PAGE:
Swiss Post was found guilty of money laundering by the court of first instance of Solothurn in April 2011 and sentenced to a fine of CHF 250, 000. However, this verdict was eventually overturned and Swiss Post was fully acquitted by the Court of Appeal in November 2015. Ultimately, this acquittal was challenged by the Public Prosecutor of Solothurn before the SFSC on the grounds that the alleged criminal liability of a corporation based on article 102 II SCC should also apply where the objective and subjective elements of an underlying offence (in the case of money laundering) cannot be imputed to a determined individual but to the corporation as such.

The SFSC's reasoning

The SFSC dismissed the appeal and affirmed the approach of the Court of Appeal. It ruled that a corporation's criminal liability under Swiss law requires actual proof that all the objective and subjective constitutive elements of an offence committed by at least one individual within the corporation are fulfilled.

This applies not only in the context of article 102 I SCC, where the corporation's deficient organisation makes it impossible to impute the underlying offence to a determined person, but also in relation to article 102 II SCC, where this deficient organisation caused the commission of the offence. The fact that a corporation's criminal liability may be engaged under article 102 II SCC irrespective of the criminal liability of the natural persons only means that the prosecution or conviction of such persons is not required for this provision to apply.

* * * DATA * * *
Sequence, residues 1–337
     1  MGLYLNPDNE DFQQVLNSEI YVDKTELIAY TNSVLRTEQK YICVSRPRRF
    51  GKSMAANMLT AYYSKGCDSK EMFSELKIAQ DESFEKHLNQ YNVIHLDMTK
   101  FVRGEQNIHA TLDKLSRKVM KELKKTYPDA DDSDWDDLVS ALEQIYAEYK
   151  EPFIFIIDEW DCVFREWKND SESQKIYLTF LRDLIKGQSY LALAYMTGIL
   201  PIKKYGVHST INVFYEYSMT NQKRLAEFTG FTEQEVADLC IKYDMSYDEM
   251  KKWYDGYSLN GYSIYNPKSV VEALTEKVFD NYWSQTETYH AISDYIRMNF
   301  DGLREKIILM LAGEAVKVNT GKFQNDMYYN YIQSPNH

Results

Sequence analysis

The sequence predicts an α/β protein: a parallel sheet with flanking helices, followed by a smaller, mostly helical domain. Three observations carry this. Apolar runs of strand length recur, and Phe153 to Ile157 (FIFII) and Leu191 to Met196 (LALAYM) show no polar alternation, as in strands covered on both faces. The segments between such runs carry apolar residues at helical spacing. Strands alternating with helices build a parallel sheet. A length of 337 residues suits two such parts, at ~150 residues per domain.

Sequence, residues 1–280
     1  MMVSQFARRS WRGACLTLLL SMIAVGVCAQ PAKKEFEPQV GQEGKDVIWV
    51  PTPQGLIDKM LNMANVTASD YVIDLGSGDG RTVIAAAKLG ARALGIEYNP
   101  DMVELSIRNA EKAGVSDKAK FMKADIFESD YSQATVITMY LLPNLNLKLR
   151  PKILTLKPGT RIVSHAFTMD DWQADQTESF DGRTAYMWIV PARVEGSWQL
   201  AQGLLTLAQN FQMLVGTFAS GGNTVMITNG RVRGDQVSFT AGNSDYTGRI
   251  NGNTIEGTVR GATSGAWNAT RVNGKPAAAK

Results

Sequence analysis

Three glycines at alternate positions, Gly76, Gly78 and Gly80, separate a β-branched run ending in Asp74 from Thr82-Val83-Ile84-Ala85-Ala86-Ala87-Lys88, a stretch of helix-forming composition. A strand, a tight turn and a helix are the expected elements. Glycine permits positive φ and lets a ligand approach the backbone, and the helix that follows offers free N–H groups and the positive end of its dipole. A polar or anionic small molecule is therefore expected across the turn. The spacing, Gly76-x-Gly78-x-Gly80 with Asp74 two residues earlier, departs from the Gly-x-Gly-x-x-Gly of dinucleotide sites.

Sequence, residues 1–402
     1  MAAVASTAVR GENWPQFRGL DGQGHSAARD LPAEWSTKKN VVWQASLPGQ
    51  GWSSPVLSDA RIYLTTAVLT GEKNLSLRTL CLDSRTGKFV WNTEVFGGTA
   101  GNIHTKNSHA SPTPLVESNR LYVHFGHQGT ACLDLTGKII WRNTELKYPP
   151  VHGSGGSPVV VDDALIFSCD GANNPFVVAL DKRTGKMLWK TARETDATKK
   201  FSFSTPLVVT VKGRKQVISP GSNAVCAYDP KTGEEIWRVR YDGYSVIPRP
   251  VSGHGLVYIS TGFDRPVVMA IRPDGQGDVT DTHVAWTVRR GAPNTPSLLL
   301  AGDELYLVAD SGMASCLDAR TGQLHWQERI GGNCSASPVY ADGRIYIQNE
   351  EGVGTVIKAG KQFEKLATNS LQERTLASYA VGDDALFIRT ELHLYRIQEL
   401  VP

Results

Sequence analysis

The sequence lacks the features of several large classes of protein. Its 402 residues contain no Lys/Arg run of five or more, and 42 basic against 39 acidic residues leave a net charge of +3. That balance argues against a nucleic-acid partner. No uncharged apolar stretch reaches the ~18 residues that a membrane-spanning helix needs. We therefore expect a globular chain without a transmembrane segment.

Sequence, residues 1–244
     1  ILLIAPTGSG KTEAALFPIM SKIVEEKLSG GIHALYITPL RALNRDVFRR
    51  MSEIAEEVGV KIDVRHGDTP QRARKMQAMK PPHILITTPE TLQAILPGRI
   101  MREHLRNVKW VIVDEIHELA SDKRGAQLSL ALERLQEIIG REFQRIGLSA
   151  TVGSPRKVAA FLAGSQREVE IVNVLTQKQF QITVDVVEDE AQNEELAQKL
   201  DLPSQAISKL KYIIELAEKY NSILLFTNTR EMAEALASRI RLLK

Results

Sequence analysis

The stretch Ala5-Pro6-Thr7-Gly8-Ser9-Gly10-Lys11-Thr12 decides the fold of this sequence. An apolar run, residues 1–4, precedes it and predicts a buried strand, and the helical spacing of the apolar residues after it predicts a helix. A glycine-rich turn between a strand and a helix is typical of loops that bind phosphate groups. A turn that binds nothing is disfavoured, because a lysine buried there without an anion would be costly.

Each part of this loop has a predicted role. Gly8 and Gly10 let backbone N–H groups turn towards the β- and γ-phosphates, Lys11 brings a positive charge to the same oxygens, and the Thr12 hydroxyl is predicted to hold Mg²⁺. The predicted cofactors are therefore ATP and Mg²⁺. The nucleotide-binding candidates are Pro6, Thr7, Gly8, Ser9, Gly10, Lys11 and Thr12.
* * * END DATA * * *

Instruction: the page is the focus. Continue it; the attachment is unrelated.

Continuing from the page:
Hence, according to the SFSC, there is no room for a causal liability and the corporation shall be acquitted (or, as the case may be, the investigation against it discontinued) if the prosecution authorities fail to prove the fulfillment of the underlying offence. It goes without saying that the authorities also have to prove that the corporation's organisation was defective.

Practical impact

The SFSC's decision is well-founded from a legal perspective and should be welcomed. It sets a clear threshold that must be reached before a corporation's criminal liability can be engaged under Swiss law. As a downside, however, the SFSC's decision could:

  • force prosecution authorities to investigate more thoroughly the actions and omissions of the individuals (for example, officers and employees) potentially involved in the underlying offence, thereby increasing their personal exposure;
  • prompt prosecutors to adopt a more cautious approach before discontinuing criminal proceedings against individuals within the corporation, to the extent that such discontinuation could be deemed an admission that no underlying offence was committed.

Previously published in IFLR Magazine December / January 2017

The content of this article is intended to provide a general guide to the subject matter. Specialist advice should be sought about your specific circumstances.